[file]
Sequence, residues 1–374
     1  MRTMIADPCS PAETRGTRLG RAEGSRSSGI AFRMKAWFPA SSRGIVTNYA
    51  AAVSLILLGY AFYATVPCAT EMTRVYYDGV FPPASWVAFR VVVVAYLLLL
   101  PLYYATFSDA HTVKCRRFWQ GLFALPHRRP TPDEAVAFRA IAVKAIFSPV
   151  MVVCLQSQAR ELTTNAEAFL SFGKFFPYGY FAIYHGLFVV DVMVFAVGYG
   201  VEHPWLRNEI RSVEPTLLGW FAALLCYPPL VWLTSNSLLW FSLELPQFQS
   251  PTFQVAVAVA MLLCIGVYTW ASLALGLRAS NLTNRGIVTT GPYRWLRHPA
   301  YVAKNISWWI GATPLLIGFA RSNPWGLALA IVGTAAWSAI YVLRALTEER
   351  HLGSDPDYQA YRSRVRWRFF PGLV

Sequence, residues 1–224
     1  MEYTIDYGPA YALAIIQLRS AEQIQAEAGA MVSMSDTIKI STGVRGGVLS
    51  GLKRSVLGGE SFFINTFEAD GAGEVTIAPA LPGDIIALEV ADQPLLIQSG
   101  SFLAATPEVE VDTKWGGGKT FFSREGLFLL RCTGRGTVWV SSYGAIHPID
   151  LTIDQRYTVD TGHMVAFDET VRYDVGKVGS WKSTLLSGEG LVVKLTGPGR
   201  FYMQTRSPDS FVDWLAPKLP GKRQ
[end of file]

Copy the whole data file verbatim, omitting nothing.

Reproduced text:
Sequence, residues 1–374
     1  MRTMIADPCS PAETRGTRLG RAEGSRSSGI AFRMKAWFPA SSRGIVTNYA
    51  AAVSLILLGY AFYATVPCAT EMTRVYYDGV FPPASWVAFR VVVVAYLLLL
   101  PLYYATFSDA HTVKCRRFWQ GLFALPHRRP TPDEAVAFRA IAVKAIFSPV
   151  MVVCLQSQAR ELTTNAEAFL SFGKFFPYGY FAIYHGLFVV DVMVFAVGYG
   201  VEHPWLRNEI RSVEPTLLGW FAALLCYPPL VWLTSNSLLW FSLELPQFQS
   251  PTFQVAVAVA MLLCIGVYTW ASLALGLRAS NLTNRGIVTT GPYRWLRHPA
   301  YVAKNISWWI GATPLLIGFA RSNPWGLALA IVGTAAWSAI YVLRALTEER
   351  HLGSDPDYQA YRSRVRWRFF PGLV

Sequence, residues 1–224
     1  MEYTIDYGPA YALAIIQLRS AEQIQAEAGA MVSMSDTIKI STGVRGGVLS
    51  GLKRSVLGGE SFFINTFEAD GAGEVTIAPA LPGDIIALEV ADQPLLIQSG
   101  SFLAATPEVE VDTKWGGGKT FFSREGLFLL RCTGRGTVWV SSYGAIHPID
   151  LTIDQRYTVD TGHMVAFDET VRYDVGKVGS WKSTLLSGEG LVVKLTGPGR
   201  FYMQTRSPDS FVDWLAPKLP GKRQ